So, can you feel your cervix dilating, what does it feel like, and does dilation hurt? As your cervix begins to dilate during early labor, you may or may not experience some signs and symptoms. It’s uncommon to detect physical symptoms of your cervix opening; however, as labor begins, you’ll likely feel the uterine contractions that help dilation happen. Some other things you may notice as your cervix dilates are:

  • the loss of the mucus plug—a clear or bloody discharge from the vagina, also known as the “bloody show”

  • a sharp pain, twinge, pressure, or ache in the vagina and perineal area.

How to Check if Your Cervix Is Dilating

How is the cervix checked for dilation? The most common method is a cervical exam performed by your healthcare provider. They will generally use their fingers (gloved) to measure the width of the opening.

During your final month of pregnancy, your healthcare provider may perform regular pelvic exams to check your cervix and see if there are any changes or signs of dilation. Once labor begins, they will continue to check your cervix to see how much it is dilating. Again, dilation of 10 centimeters is usually what a healthcare provider is looking for in order to give the go-ahead to start pushing.

Self-checking your cervix for dilation at home is not recommended. It’s always best to leave this up to your healthcare provider. So, if you suspect you’re in labor or labor is near, for example, you’re experiencing regular contractions or you’ve lost your mucus plug, contact your provider for a pelvic exam.

Cervical Dilation Chart

What does a dilated cervix look like? This is a common question during pregnancy, along with “What does 1 cm dilated look like?” and “What does 10 cm dilated look like?” Whether you want to visualize a dilated cervix at 1, 5, 7, 8, or 9 cm, or you’re wondering how big 10 cm dilated is, check out our chart below.

How to Help Dilate Your Cervix

While cervical dilation is a natural process that cannot be rushed, there are some ways to help the body along if you’re wondering how to dilate the cervix naturally. During early labor, it may help to stay as relaxed as you can and alternate rest with activity. Some things to consider include:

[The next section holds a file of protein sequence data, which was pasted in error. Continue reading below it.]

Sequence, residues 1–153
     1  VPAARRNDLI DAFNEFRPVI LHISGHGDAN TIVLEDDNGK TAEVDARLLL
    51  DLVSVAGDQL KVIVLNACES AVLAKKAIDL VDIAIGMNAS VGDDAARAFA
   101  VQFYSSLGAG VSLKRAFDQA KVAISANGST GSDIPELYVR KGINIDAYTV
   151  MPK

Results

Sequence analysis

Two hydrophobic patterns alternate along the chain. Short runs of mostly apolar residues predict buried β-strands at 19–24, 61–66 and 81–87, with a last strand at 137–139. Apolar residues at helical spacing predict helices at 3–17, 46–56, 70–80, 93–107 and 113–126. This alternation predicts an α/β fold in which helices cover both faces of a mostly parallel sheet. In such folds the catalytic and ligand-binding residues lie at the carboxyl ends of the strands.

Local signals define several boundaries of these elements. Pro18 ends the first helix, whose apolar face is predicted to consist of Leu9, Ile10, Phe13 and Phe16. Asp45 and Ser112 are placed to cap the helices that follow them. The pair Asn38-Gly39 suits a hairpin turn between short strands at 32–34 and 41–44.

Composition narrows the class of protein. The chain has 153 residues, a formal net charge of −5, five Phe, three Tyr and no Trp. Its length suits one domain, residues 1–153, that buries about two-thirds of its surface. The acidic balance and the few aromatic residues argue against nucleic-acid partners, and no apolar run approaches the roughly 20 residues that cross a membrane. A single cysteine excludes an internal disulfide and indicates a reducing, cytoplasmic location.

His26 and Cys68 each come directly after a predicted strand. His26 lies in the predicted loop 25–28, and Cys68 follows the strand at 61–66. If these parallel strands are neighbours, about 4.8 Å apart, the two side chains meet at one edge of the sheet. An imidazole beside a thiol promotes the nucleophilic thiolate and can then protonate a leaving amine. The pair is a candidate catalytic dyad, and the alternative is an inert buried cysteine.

• maintaining an upright position, such as by walking or squatting

  • staying hydrated

  • using relaxation techniques like deep breathing

  • listening to relaxing music.

Cervical Ripening

If your labor needs to be induced, your provider may need to ensure your cervix is soft and thin, which is called cervical ripening, so that it will start to dilate during labor. Some methods your provider may use to help your cervix dilate include:

  • medications containing prostaglandins

  • inserting a thin tube with a balloon through the vagina into the cervix opening to inflate and dilate it

  • inserting slender rods called laminaria into the cervix. These rods expand when they absorb water.

Certain methods used to induce labor and start contractions may in turn help cervical dilation to progress. Among these methods are sweeping the amniotic membranes, administering oxytocin through an IV, and a procedure called an amniotomy (rupturing the amniotic sac).

When to Contact Your Healthcare Provider

It’s essential to stay in close communication with your healthcare provider throughout pregnancy and especially during the later stages. If you’re less than 37 weeks pregnant and experience any signs of preterm labor, such as menstrual-like cramps, pressure in the pelvic area or lower abdomen, or changes in your vaginal discharge, contact your healthcare provider immediately. They will likely do a pelvic exam to look for any cervical changes or dilation and monitor your contractions.

If you’re 37 weeks or more, keep an eye out for signs of labor and contact your provider when you start experiencing any. They can tell you what the next step is and when you need to go to the hospital.

The Bottom Line

Cervical dilation is a natural and necessary part of the labor and delivery process. By understanding the process of dilation, and the signs and symptoms, you can approach your birth experience with confidence. Remember to stay in touch with your healthcare provider and trust in your body's ability to progress at its own pace.

How We Wrote This Article The information in this article is based on expert advice found in trusted medical and government sources, such as the American Academy of Pediatrics and the American College of Obstetricians and Gynecologists. You can find a full list of sources used for this article below. The content on this page should not replace professional medical advice. Always consult medical professionals for full diagnosis and treatment.